As a prelude to the solo presentation of their work at Wetterling Gallery/Stockholm, at the Armory Show this week, Doug and Mike Starn invited collectors, gallerists and friends to visit their Beacon, New York studio last weekend. The artists, identical twins born in 1961 who came to notice at the 1988 Whitney Biennale, started out like most artists have: drawing at the kitchen table after school. In a recent interview for Architectural Digest, Mike said, “I’m painting on his painting, and he’s painting on my painting, and we’re perfectly happy. It’s just the way we are.”
The collaboration continues unabated, as the two have produced increasingly complex iterations of their shared vision, which springs from photo-based art transformed through media as varied as their interests. And yes, they finish each other’s sentences, as they did during a slide show of their work, introduced by David Ross, at the cavernous studio on Saturday.
On view were works in progress as well as examples of the monumental pieces for which they have become known—including the original full scale model of Big Bambú: You Can’t, You Don’t, and You Won’t Stop, which debuted at the Metropolitan Museum of Art in 2010 and was subsequently installed, in different configurations, in Israel, Japan, Rome and in other locations.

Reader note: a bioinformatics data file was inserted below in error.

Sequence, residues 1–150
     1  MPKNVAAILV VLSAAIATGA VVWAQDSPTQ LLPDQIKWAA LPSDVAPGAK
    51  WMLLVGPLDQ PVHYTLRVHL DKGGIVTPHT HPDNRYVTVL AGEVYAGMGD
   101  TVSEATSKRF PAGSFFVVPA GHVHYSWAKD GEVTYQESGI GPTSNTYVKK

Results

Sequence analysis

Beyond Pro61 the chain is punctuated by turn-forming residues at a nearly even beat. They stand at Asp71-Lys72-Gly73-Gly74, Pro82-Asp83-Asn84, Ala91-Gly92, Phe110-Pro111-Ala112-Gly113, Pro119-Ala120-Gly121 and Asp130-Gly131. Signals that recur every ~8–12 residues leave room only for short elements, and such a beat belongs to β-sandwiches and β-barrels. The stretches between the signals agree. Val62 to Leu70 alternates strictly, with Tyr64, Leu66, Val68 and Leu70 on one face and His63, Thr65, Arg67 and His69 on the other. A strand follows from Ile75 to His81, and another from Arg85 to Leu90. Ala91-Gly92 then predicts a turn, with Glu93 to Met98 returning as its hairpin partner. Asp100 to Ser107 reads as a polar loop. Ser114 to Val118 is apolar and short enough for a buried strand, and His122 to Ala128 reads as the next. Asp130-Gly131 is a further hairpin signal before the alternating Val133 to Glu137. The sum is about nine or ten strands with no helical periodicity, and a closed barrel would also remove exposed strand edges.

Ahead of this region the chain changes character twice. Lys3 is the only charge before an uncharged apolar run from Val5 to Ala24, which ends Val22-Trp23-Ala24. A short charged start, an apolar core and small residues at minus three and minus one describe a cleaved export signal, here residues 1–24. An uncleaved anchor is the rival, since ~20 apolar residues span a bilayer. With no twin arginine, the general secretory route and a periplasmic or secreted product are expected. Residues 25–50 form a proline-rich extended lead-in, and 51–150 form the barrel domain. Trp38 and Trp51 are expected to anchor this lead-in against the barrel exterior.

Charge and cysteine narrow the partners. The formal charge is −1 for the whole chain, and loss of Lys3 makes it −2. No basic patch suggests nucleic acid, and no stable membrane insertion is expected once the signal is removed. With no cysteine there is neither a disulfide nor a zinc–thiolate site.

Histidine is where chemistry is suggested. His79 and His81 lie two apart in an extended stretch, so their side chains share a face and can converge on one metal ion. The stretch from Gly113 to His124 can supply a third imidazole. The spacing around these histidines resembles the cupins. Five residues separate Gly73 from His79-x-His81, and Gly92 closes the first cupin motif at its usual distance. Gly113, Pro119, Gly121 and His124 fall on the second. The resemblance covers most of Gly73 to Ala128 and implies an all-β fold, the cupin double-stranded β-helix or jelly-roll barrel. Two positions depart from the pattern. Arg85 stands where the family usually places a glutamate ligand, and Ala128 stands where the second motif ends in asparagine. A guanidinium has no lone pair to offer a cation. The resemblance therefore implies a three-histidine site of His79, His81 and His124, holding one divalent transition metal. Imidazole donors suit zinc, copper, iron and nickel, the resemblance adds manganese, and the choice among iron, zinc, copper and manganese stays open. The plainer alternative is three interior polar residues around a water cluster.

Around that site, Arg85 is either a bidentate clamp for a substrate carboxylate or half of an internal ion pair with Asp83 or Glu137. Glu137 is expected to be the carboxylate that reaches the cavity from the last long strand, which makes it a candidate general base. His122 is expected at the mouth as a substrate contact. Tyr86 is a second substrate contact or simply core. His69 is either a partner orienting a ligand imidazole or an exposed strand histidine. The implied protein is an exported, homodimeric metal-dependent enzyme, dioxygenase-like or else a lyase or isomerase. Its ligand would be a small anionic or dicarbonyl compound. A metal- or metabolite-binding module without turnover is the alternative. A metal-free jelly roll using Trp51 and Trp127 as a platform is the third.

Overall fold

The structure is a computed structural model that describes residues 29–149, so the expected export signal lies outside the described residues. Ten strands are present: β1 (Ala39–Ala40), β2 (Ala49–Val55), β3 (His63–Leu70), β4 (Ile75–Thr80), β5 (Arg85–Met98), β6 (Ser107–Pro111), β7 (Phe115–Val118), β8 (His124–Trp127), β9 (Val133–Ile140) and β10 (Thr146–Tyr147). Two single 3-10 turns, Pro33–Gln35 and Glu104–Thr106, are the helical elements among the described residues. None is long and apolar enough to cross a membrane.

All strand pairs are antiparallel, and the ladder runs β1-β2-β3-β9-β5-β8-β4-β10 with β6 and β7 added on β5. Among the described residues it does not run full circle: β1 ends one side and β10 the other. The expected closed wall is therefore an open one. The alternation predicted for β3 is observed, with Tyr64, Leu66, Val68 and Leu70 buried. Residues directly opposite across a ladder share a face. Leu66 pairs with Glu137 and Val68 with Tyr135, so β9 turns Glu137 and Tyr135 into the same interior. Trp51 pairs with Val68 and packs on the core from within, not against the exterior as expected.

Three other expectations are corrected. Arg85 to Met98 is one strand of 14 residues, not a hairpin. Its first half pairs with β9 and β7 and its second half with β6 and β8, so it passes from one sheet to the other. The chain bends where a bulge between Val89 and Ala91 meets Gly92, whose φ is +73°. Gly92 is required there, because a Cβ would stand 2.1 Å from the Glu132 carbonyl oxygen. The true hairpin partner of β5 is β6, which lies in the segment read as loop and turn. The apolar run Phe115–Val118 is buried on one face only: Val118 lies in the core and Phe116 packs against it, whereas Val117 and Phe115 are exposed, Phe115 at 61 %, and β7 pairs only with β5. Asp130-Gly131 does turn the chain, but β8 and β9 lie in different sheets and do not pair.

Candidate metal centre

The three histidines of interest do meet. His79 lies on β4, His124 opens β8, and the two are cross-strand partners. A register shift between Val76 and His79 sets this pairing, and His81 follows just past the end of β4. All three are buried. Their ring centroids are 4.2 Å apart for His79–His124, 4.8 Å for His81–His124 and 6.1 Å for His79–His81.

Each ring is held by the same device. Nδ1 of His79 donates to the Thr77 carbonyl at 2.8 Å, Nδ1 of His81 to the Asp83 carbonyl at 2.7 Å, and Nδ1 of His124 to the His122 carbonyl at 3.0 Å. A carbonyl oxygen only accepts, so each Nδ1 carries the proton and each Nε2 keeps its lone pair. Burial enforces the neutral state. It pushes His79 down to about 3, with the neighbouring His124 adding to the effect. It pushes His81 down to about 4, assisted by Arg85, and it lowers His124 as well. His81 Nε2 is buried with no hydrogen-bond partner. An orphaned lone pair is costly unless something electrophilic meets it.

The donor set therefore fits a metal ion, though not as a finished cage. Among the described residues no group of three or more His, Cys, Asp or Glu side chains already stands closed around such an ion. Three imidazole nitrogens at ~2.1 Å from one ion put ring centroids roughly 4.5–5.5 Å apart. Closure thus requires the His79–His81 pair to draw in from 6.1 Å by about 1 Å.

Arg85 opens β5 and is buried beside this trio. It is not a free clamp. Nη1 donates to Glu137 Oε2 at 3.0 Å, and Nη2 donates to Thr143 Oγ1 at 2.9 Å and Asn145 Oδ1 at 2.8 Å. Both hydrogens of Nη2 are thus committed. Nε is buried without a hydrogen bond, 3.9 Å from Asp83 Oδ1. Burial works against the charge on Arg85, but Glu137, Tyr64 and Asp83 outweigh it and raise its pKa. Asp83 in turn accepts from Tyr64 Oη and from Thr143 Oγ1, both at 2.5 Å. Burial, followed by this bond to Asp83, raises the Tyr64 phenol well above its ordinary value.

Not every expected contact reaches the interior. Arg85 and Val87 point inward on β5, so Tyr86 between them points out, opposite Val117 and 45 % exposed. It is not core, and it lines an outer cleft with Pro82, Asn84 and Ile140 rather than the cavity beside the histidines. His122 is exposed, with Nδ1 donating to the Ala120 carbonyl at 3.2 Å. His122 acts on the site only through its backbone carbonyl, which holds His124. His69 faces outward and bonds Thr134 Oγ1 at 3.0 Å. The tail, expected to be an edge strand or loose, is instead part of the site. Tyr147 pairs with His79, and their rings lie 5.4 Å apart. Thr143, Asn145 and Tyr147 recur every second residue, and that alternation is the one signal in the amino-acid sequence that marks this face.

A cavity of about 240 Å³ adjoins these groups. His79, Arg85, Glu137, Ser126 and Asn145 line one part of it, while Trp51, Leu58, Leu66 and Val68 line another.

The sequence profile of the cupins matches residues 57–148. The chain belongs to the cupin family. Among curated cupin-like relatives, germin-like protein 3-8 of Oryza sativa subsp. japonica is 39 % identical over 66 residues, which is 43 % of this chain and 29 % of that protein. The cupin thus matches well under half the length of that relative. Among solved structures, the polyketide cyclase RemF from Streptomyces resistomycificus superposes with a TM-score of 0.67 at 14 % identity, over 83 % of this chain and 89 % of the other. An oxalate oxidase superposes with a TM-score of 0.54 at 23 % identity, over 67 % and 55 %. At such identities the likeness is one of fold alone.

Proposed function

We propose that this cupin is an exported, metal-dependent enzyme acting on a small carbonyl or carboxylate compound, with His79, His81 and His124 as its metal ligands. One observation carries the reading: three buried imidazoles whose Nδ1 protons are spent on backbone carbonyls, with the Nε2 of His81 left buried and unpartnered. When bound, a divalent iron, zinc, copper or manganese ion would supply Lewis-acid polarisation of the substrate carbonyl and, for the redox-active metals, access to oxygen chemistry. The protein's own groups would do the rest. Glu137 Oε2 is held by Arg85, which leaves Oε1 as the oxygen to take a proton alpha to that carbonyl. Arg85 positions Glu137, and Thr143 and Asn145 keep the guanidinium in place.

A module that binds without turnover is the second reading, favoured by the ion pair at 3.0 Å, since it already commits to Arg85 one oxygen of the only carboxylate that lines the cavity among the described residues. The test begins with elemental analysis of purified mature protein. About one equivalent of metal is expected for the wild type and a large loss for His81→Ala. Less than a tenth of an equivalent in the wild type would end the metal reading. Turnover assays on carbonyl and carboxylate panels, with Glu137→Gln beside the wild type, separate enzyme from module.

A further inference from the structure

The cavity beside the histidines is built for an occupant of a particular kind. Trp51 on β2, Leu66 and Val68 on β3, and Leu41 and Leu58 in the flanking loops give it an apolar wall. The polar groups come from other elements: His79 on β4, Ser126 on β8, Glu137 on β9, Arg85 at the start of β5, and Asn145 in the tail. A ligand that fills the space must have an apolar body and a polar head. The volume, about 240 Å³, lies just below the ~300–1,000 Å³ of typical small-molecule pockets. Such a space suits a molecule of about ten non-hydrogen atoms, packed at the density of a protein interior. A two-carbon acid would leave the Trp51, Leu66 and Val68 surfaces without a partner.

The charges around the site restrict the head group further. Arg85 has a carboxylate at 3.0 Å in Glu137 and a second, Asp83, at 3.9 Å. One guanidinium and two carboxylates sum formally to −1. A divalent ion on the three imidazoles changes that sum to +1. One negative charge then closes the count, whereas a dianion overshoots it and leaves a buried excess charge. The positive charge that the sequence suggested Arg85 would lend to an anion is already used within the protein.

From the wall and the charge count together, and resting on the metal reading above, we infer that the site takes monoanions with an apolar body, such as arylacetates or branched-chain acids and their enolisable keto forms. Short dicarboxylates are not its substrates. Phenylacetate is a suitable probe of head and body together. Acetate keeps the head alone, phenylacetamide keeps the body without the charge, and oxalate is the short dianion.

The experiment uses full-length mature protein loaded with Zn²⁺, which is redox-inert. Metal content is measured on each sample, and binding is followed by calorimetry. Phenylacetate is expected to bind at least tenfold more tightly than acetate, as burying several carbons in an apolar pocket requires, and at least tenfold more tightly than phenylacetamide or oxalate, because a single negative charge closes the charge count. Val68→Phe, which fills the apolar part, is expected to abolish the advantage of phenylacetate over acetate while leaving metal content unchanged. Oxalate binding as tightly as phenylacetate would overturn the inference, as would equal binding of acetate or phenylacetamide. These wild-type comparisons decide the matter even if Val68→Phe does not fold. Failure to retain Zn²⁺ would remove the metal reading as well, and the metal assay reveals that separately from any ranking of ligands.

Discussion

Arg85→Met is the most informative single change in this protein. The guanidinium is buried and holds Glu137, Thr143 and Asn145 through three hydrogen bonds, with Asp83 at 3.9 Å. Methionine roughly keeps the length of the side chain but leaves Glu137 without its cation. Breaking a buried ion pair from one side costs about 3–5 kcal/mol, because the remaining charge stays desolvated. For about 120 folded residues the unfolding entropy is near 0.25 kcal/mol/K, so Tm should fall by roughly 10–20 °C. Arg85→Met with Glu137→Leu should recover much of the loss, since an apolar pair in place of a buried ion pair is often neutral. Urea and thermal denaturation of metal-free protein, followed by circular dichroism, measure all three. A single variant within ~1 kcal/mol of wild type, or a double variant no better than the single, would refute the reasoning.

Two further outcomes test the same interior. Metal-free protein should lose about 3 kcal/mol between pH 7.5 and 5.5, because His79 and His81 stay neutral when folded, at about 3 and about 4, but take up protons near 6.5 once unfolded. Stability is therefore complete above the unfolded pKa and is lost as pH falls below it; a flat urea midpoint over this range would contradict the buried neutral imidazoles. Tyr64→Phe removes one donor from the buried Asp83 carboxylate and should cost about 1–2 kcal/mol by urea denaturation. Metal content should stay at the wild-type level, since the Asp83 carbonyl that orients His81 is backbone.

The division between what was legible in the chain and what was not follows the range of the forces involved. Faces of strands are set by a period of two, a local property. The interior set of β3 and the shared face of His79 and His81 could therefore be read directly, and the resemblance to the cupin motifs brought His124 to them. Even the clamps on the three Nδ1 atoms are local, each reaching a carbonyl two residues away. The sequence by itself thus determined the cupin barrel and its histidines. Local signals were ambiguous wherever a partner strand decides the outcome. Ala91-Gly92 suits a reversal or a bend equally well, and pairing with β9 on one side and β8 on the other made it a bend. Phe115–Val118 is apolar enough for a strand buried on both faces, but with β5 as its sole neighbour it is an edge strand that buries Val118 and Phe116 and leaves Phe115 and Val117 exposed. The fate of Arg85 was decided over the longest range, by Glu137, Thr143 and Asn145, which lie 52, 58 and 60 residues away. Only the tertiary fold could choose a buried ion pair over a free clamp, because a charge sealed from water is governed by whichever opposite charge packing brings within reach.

Also on view was a full-scale paper mockup of the 90-foot-long glass mural commissioned by the Obama administration for the U.S. Embassy in Moscow, scheduled to be installed this year; their new grid-and-photo-based murals that celebrate rock music legends, which will be on view at the Armory Show this week [below]; full-scale production mockups of a glass and steel sculpture permanently installed at the Princeton University Art Museum [left]; numerous iterations of tree images in media ranging from fiberglas embediment to paper to glass, which was first produced in mural form for the MTA’s Arts for Transit’s South Ferry Terminal; and the Blind Buddha, a collaged photographic image that combines with a laser light beam when installed as Gravity of Light in museum settings.
Visitors were invited to climb the springy but steady walkways of little Big Bambú as well as to explore the many areas of the factory building, which formerly housed the famed Tallix Fine Art Foundry. On the upper, that is street level, are offices and a new painting studio. Looking down from that area, the massive scale of the main workspace becomes evident--as well as the monumental scale of Doug and Mike’s sculpture and mural projects.
Doug + Mike Starn, Wetterling Gallery, Armory Show 2017, March 1-5, Pier 94, Booth 915, New York, NY. Info
Doug and Mike Starn in DART, here and here
Starn Studio photos, above: Peggy Roalf. Below: Mick Exodus, 2017, © Doug + Mike Starn, courtesy Starn Studio.